SMERCONISH: Because his lead has not diminished and because they probably thought by now someone would be gaining more traction. I know that Elizabeth Warren has shown some signs recently. I mean Alisyn correctly pointed out that they -- they didn't offer his name. I think that changes. And I -- I think that the tipping point for when they become even more direct with regard to the former vice president will be the first Democratic debates. That's when I think this whole dynamic will shift.

CAMEROTA: And, very quickly, before we leave that topic, Joe Biden is, it seems, trying to separate himself from the pack. He doesn't want to be one of 23, so he didn't go to this event. He did his own event. And do you think that that is wise?

SMERCONISH: I do. I mean whatever he's doing, he should keep doing, right? It will become impossible for him when he's one of ten on a stage on back-to-back nights, and that will take place later this month and then for the CNN debate in Detroit in July, we're going to see him in that context.

But I think you're right that his strategy is to be viewed differently. There are all those Democratic candidates, 22 of them, and then there's Joe Biden. He likes it just fine.

BERMAN: All right, Michael, we want to get your take on some extraordinary sound from over the weekend.

Jonathan Swan of "Axios" sat down with Jared Kushner, asked Jared Kushner if Donald Trump, the president, is racist. Kushner said, no. In his -- you know, in his 70 years of life, he never did one racist thing, how could he be racist. But then Jonathan Swan pushed Kushner. Listen to this.


JONATHAN SWAN, "AXIOS": Was birtherism racist?

JARED KUSHNER, WHITE HOUSE SENIOR ADVISER: Look, I wasn't really involved in that.

SWAN: I know you weren't. Was it racist?

KUSHNER: Like I said, I -- I wasn't involved in that.

SWAN: I know you weren't.

KUSHNER: Uh-huh.

SWAN: Was it racist?

KUSHNER: Look, I know who the president is and I have not seen anything in him that is racist. So, again, I was not involved in that.

SWAN: Did you wish he didn't do that?

KUSHNER: Like I said, I was not involved in that. That was a long time ago.


BERMAN: Wow, Michael. What did you hear there?

SMERCONISH: When I first heard it, I didn't watch it, I first heard it. I thought that the tape skipped. I didn't -- I didn't recognize that he'd asked the same follow-up two or three times. Notice that Jared Kushner didn't defend Donald Trump. You can't defend Donald Trump on that issue.

But, John, it's almost like he was doing a mental calculus. Like, oh, boy, I'm the son-in-law, I've got to sit next to him at the Thanksgiving table. What can I say and what can't I say? In the end, he was the company man.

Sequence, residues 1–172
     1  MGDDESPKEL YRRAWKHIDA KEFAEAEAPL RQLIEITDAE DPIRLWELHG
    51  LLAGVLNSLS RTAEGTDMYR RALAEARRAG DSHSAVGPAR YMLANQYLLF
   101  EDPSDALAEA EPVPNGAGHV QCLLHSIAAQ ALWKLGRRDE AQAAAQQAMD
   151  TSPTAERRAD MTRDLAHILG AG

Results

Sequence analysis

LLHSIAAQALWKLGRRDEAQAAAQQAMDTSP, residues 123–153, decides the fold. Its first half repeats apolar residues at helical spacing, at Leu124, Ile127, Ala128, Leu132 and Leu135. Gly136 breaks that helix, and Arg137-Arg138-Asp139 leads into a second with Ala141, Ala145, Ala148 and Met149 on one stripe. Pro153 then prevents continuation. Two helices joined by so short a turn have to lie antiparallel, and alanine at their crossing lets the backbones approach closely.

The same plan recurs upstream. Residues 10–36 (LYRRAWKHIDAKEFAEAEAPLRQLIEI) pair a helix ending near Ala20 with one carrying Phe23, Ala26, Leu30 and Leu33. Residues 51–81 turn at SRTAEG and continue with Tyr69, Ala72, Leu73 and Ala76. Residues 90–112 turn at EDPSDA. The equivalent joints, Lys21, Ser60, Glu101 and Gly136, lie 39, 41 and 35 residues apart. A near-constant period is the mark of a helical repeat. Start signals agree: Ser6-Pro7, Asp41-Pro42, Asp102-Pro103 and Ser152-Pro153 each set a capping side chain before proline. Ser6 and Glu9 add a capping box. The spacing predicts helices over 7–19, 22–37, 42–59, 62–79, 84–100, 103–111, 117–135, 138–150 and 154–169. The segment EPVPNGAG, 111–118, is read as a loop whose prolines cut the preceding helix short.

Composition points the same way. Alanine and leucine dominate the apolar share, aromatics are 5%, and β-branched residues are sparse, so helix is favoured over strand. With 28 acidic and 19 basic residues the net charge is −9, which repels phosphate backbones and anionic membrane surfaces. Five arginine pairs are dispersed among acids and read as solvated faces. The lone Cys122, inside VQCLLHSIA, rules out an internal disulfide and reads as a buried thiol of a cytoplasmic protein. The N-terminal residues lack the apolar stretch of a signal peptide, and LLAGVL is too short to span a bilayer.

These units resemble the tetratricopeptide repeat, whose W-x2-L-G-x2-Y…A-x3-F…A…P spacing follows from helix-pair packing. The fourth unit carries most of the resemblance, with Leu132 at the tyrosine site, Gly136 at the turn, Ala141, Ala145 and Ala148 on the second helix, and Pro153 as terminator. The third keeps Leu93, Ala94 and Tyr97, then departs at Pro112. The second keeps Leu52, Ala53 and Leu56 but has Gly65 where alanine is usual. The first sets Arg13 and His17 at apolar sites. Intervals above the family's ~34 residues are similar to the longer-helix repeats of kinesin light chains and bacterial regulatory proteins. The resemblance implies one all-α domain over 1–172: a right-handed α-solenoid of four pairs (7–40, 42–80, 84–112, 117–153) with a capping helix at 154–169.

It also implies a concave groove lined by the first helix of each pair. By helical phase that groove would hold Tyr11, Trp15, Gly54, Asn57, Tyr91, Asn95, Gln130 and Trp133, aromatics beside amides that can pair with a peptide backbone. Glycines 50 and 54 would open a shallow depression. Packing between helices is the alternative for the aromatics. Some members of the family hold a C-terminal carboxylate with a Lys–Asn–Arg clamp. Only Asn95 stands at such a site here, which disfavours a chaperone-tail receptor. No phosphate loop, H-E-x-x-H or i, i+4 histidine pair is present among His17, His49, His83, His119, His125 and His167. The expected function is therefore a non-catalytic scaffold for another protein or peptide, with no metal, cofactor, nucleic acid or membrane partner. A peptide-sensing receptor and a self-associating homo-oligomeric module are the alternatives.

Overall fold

CAMEROTA: But there was a massive covering of one's own butt there --


CAMEROTA: Of the, I wasn't involved with that, I wasn't involved with that. I mean, as Jonathan Swan pointed out, that's not the question. What are your thoughts on that? Was it racist? I wasn't involved in that. There's a -- there was a -- there was a feeling of must protect my brand.

BERMAN: The Kushner legacy. What -- what is the Jared Kushner legacy he's trying to protect there exactly?

SMERCONISH: Well, listen, I thought the most stunning -- that was really interesting. And I'm fascinated with it as the two of you are. To me, the most stunning part of that discussion was when he's asked, OK, what if the Russian facts were to repeat themselves and you got an e-mail and you're invited to go to the Trump Tower meeting, and instead of an emphatic and clear, well, of course, we would call the FBI, he hedged. He hedged even on that.

BERMAN: Yes, that's remarkable. We may get that in later in the show. I think if nothing else, Michael, this shows perhaps why Jared Kushner doesn't do that many interviews. It could show that.

SMERCONISH: And probably won't be seen again for quite some time.

BERMAN: Right.

CAMEROTA: Ominous.

Michael Smerconish, thank you very much.

BERMAN: All right, President Trump landing in the United Kingdom. And as he's landing, he levies an attack on British officials just minutes before meeting with Queen Elizabeth. This state visit, it is on. We are waiting for the president to arrive at Buckingham Palace. We will carry it for you.

[06:54:52] Stay with us.



UNIDENTIFIED MALE: Trump will meet with the queen and have the state banquet.

UNIDENTIFIED MALE: I don't think we should be rolling out the red carpet.


UNIDENTIFIED FEMALE: Trump making these types of comments ahead of a visit is incredibly insensitive and not terribly tactful.

TRUMP: There is no basis whatsoever for impeachment. The crime was by the Democrats.

UNIDENTIFIED MALE: We're going to do what's right for the country.

SEN. JOHN KENNEDY (R-LA): If you want to do it, go hard or go home. If you're not going to do it, let us get back to work.


ANNOUNCER: This is NEW DAY with Alisyn Camerota and John Berman.

BERMAN: Good morning and welcome to your NEW DAY.

Breaking this morning, President Trump due to arrive at Buckingham Palace any minute to meet with the queen. This is the beginning of his state visit. You're looking at live pictures.

[06:59:58] However, the president has already announced his arrival in the United Kingdom in predictable fashion. One might say norm-busting fashion. Forgive us, William Barr.